For organisations to be successful in agricultural finance, they must have the right policies and processes in place, as well as a certain level of flexibility among financial products and services, so they can be easily adapted to the value chains (in terms of loan size, tenor, and collateral required). Financial institutions also need in-depth agricultural knowledge to understand the value chain and the related environmental and social risks, and to be able to address them adequately. Often, we are talking about starting with small steps, one at a time. However, if a proper framework is in place, the potential is enormous, as demonstrated by financial institutions that are part of the Global Alliance for Banking on Values. Sustainable and green finance is part of their DNA and has proven to be profitable.

The Sustainable Agricultural Finance Expansion Programme

In the period 2013-2015 Hivos, Enclude and Triodos Investment Management implemented the Sustainable Agricultural Finance Expansion Programme whose goal was to enhance access to finance for small producers involved in agriculture, producer organisations and agricultural SMEs by building the capacity of Hivos’ and Triodos Investment Management’s partner microfinance institutions.

The program made visible three pillars of greening agriculture: institutional, financial and environmental sustainability.

Institutional sustainability: Scaling up of green agricultural finance requires a strong institutional basis of product and agriculture knowledge at management and staff levels. Under this programme, technical assistance interventions focused on strengthening the institutional basis were primarily used to ensure financial and environmental sustainability in the long term. Institution building efforts included strategy development, process design, product development and staff training. Training included on-the-job training, development of training manuals, train-the-trainer courses, and exchange visits to gain staff and management buy-in.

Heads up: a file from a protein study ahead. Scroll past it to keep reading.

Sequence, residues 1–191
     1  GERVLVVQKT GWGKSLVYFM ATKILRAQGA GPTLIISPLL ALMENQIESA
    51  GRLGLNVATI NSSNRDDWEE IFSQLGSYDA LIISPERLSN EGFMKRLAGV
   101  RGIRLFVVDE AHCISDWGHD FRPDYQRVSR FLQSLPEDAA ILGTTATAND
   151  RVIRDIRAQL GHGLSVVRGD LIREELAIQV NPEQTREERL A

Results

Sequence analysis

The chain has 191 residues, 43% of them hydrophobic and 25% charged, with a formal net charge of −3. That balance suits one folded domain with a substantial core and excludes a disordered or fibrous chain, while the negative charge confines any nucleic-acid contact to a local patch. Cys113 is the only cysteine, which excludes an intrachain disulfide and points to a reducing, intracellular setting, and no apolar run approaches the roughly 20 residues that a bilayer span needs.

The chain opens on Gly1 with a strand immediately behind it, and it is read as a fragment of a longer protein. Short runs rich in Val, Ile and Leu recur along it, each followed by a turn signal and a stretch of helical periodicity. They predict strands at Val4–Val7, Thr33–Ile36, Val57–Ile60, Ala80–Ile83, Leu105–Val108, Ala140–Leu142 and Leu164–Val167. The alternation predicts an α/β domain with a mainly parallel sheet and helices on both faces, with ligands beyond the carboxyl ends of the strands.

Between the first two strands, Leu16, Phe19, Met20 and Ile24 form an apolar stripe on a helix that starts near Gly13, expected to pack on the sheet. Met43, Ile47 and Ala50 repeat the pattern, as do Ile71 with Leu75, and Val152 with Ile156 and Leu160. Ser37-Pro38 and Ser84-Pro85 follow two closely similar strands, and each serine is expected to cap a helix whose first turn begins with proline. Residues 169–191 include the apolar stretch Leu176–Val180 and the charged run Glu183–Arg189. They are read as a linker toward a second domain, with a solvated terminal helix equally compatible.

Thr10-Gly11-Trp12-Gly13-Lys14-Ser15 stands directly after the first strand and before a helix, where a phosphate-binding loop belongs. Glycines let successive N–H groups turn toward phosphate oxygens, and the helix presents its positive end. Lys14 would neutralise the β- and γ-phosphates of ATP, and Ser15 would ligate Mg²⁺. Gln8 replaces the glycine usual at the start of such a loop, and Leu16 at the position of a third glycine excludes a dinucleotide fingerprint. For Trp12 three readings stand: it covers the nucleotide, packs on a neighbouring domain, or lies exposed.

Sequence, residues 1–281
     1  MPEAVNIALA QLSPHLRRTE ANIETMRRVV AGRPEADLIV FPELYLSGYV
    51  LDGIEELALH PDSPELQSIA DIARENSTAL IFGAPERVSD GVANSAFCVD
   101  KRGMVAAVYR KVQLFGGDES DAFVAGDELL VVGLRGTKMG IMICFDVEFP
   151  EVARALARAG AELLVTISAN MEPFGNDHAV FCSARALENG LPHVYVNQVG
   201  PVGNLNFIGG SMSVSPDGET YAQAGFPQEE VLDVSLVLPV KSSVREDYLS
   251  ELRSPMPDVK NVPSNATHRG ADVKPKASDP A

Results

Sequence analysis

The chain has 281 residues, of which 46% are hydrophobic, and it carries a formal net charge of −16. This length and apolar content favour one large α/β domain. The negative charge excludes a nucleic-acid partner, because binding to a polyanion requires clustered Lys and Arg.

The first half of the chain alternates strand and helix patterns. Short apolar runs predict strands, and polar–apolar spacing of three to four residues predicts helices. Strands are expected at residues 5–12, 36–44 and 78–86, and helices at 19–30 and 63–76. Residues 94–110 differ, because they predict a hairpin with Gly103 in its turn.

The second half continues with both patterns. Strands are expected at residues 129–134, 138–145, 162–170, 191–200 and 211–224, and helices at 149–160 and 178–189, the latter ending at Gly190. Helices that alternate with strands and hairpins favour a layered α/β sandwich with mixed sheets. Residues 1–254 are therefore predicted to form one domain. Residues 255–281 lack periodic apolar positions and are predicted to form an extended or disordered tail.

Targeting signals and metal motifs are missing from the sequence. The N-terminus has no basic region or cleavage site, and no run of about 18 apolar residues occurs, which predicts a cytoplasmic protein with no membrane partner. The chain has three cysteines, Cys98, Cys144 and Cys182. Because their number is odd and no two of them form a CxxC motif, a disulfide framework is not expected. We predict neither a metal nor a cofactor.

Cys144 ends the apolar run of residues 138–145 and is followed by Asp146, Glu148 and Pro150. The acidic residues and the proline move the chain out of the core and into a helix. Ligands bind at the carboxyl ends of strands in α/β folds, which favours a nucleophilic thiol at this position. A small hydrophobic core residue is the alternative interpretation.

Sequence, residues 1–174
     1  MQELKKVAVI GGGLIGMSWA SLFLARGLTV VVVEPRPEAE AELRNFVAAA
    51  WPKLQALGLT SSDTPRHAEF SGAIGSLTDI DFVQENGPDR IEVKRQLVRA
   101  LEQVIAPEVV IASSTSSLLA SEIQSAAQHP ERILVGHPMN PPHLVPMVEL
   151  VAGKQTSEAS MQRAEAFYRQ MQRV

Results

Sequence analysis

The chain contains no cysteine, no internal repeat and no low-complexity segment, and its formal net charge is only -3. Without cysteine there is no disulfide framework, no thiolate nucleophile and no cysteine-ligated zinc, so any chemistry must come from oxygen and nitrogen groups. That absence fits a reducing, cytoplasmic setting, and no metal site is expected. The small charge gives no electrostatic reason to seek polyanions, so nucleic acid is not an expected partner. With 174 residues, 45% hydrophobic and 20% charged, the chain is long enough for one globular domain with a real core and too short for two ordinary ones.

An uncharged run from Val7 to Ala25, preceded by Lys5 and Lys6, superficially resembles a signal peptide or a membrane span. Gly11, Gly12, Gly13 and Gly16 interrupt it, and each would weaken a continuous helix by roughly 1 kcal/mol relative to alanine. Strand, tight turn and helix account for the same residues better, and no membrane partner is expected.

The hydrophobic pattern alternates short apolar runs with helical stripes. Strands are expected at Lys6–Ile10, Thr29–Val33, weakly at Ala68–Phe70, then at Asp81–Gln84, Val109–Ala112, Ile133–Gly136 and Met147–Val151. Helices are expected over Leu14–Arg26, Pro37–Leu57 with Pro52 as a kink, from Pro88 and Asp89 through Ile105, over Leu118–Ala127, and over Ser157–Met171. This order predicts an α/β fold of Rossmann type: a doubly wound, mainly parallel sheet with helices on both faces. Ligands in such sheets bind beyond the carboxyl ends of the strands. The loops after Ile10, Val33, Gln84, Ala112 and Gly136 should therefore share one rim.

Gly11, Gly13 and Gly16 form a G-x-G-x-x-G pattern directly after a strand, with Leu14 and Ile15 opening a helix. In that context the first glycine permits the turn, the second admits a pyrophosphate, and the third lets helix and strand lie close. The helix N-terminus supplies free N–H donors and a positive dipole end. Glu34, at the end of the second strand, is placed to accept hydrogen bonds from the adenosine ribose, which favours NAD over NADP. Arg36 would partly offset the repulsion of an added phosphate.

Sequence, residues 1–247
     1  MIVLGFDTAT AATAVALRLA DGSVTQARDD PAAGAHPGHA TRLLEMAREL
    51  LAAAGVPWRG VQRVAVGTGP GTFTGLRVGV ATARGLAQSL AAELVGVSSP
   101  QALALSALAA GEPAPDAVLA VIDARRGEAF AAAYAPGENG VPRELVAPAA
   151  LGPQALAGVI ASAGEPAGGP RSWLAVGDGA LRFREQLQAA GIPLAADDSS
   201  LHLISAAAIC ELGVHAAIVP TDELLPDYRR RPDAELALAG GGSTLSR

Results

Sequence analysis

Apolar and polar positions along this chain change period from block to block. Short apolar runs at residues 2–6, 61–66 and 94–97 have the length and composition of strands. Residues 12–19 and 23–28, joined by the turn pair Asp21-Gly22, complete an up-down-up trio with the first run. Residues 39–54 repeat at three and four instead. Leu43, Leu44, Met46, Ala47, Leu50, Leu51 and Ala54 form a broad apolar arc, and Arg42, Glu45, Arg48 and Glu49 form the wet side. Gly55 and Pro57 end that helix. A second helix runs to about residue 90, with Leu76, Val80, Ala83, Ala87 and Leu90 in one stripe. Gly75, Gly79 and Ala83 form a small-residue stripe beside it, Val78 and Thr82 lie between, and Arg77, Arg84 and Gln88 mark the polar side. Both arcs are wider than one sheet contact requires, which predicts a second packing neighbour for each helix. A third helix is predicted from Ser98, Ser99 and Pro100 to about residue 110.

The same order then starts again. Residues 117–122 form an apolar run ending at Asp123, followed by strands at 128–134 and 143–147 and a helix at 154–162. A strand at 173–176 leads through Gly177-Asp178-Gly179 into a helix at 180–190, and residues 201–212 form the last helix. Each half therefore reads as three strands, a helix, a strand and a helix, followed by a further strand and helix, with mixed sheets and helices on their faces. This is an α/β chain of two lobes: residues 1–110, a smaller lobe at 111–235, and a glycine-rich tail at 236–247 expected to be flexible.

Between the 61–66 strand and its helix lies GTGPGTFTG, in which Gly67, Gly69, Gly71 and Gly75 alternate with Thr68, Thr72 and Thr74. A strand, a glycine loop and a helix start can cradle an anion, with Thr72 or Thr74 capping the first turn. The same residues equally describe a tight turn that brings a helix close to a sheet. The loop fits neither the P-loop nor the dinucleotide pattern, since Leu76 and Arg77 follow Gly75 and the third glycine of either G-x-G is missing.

Environmental sustainability: Products that are appropriately tailored to the agricultural target group enhance environmental sustainability. In addition to matching agricultural cash flows, a loan product with seasonal loan repayment instead of monthly payment offers farmers more financial opportunities to utilise their land flexibly, rotate crops to protect soil ecosystems and minimise pest infestation, and implement sustainable land use practices. To encourage sustainable agriculture among clients, the participating MFIs developed and communicated good agricultural practices to their clients. In some cases, agronomists supported branch staff while, in other cases, a web-based good agricultural practices (GAP) tool or client communication via SMS was used.

Financial sustainability: The development of new products laid a strong basis for growth and diversification for participating financial institutions while improving their financial sustainability. The improvement of processes and procedures reduced costs and enhanced the organisations’ financial performance. Credit risk was decreased by mitigating harmful business practices.

Lessons learned when implementing greening agricultural finance projects

Our experience in this program has provided numerous lessons for successfully implementing green agricultural finance projects. The most notable of these relate to the need for regulatory clarity, a comprehensive diagnostic of institutional capabilities, alignment of products and technical assistance with overall business strategy, and careful, context-specific product design which includes a testing phase.

The regulatory framework, particularly one which leaves many areas unclear, can be a limiting factor for access to agricultural finance. Reviewing, interpreting, and assessing implications of regulatory framework changes are time-consuming processes for organisations originating new products. Fear of regulatory risks, especially those that might not be fully appreciated at the time of product launch, can stifle product innovation or even stop new initiatives before they get off the ground.